Verbs in Spanish

verbs in Spanish

Verbs in Spanish are similar to English verbs in some aspects, but they’re very different in most aspects. As they are a core element in all languages and a very complex subject, we’ll be publishing several lessons about verbs after this one. By now, let’s just start with the basics.

A verb is an action word (run, sit, eat, sink, swim, study, etc.).The main form of a verb is called the infinitive (“infinitivo” in Spanish). In English, infinitives include the word “to”: to run, to sit, to eat, to sink, to swim, to study. The infinitive is the pure form of a verb that follows the subject of the sentence:

I speak
you speak
he/she speaks
we speak
you-all speak (referring to more than one person)
they speak

The above forms are called conjugations of the infinitive “to speak.”


The words “I” “you” “he” “she” “we” “you-all” and “they” are called subject pronouns (“sujetos” or “personas” in Spanish).

English Español
I Yo
You (informal)
He / she / you (formal) Él / ella / usted
We Nosotros
You-all (informal) Vosotros
They / you-all (formal) Ellos / ustedes

As you see in the table, “you” can be translated into Spanish as: “tú”, “usted”, “vosotros” and “ustedes”.

“You” referring to single or plural subjects

We use “Tú” when we talk to only one person:

You are my friend. -> Tú eres mi amigo.

We use “Vosotros” when we talk to more than one person:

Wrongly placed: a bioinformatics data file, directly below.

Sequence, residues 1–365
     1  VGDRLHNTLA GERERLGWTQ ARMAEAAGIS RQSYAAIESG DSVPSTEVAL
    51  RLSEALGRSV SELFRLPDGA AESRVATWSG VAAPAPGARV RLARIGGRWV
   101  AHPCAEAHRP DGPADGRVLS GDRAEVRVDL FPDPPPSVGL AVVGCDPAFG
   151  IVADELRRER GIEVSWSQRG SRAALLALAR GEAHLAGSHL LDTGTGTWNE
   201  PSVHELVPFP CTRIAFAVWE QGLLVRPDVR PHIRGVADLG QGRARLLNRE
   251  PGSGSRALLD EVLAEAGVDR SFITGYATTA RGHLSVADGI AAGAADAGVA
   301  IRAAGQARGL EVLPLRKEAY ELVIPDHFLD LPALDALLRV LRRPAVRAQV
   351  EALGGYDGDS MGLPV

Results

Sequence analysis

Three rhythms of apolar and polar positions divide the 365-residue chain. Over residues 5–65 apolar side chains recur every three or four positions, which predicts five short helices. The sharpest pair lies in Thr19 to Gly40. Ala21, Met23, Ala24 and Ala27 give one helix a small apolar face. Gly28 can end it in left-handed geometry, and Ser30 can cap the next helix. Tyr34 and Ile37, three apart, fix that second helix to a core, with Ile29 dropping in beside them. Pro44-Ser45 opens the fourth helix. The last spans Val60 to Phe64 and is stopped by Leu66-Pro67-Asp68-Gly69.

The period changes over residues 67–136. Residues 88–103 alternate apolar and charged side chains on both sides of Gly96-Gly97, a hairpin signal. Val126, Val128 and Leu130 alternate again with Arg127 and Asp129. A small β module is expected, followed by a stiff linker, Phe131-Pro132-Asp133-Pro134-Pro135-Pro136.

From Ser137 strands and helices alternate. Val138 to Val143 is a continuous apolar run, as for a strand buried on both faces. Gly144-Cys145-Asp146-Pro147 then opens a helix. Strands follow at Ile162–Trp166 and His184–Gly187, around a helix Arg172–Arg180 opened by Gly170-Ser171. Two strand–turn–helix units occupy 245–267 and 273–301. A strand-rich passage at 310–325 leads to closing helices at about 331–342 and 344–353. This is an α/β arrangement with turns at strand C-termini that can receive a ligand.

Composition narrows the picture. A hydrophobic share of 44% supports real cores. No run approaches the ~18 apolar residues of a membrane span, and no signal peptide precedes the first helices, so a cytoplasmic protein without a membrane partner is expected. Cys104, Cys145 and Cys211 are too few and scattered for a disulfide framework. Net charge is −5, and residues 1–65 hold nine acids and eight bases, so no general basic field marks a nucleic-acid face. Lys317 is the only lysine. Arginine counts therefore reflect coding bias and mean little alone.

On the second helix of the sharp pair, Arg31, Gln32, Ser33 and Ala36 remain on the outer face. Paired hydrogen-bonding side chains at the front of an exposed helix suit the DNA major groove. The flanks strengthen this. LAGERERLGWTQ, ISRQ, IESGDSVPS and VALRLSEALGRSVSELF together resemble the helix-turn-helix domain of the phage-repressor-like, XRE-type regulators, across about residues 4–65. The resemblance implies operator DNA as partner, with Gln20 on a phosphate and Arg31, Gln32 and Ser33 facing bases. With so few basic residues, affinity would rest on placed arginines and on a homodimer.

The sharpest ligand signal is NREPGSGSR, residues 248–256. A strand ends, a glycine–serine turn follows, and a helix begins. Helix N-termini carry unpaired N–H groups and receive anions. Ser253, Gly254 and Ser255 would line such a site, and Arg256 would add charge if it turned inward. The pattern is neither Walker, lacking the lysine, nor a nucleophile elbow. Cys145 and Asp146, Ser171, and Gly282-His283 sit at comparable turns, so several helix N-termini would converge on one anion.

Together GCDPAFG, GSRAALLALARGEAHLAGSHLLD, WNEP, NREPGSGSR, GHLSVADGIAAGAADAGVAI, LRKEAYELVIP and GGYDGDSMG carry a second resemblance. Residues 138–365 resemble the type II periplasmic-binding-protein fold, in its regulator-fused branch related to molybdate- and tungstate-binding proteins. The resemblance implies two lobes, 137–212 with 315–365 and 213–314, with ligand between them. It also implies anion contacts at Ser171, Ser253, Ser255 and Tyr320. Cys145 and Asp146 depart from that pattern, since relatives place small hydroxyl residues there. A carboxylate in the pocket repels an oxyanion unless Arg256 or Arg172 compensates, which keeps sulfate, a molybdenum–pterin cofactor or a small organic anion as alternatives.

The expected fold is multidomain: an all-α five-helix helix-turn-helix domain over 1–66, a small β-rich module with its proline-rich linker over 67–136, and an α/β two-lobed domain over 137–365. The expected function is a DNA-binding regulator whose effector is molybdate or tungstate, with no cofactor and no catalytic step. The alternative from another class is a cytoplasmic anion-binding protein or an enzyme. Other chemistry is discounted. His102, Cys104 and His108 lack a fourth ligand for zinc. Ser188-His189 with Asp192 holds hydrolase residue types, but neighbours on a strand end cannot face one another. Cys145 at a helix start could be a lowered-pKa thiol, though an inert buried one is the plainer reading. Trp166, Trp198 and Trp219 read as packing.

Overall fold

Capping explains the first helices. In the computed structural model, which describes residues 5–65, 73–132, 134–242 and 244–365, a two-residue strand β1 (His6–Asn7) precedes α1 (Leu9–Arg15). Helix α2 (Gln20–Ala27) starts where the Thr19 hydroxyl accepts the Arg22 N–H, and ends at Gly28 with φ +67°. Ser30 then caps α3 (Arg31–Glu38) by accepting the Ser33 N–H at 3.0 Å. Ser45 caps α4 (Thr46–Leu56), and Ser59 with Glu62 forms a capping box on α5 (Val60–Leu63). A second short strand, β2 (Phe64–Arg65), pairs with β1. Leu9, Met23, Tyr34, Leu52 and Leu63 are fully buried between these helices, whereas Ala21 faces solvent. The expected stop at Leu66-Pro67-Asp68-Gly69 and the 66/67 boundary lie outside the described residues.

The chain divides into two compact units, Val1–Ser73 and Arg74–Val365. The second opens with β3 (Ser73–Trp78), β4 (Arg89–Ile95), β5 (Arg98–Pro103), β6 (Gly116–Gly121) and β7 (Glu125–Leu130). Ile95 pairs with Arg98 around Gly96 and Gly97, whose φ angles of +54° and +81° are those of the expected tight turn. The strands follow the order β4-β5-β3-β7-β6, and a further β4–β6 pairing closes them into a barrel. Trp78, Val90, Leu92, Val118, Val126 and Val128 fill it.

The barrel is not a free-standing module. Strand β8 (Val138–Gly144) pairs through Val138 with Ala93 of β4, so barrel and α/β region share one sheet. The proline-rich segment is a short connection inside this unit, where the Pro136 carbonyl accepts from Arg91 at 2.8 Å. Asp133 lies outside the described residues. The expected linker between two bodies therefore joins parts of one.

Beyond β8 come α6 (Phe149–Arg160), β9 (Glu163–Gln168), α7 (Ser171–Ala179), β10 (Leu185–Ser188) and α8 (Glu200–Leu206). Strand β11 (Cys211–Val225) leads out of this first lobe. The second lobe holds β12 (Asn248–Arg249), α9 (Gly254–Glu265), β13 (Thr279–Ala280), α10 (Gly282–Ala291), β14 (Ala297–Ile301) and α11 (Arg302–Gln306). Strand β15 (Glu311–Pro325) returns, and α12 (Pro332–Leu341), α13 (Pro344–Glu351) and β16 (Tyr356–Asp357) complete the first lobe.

You (Michael and Lisa) are my friends. -> Vosotros sois mis amigos

“You” referring to formal subjects.

Spanish has a formal and an informal form of the word “you.” “Usted” is more formal and is generally used to express respect. “Tú” is more familiar and is used among friends, coworkers, relatives, or when addressing a child.

Formal -> Speaking to your boss: usted

Informal -> Speaking to your friend: tú

This same distinction with regard to degree of formality occurs in the plural form as well. When referring to “you-all,” there are two choices in Spanish:

Ustedes (you-all formal)

Vosotros (you-all familiar)

Once again, the difference lies in the degree of formality conveyed by the speaker. However, the “vosotros” form is used primarily in Spain. Throughout Latin America, “ustedes” is generally used in both formal and informal situations to refer to “you-all.”

Note: “usted” can be abbreviated Ud. or Vd. ; ustedes can be abbreviated Uds. or Vds.

Verb conjugations: present tense

Present tense (indicative) in Spanish means three things.

Yo hablo inglés:
I speak English.
I do speak English.
I am speaking English.

All Spanish verbs are either “regular” (which follow certain patterns) or “irregular” (which do not always follow those patterns). In this module will study mainly the regular ones and only a few irregular verbs).

a) Regular Verbs in Spanish

trabajar (to work)
comer (to eat)
vivir (to live)

Notice the last two letters of each verb. There are three categories of verbs:
-ar verbs (like trabajar)
-er verbs (like comer)
-ir verbs (like vivir)

All three categories are infinitives. As mentioned before, infinitives are the base form of the verb, equivalent in English to: to speak, to eat, to live, etc. In Spanish, all infinitives end in -ar, -er, or -ir.To conjugate a verb is to list out all the possible subjects of any given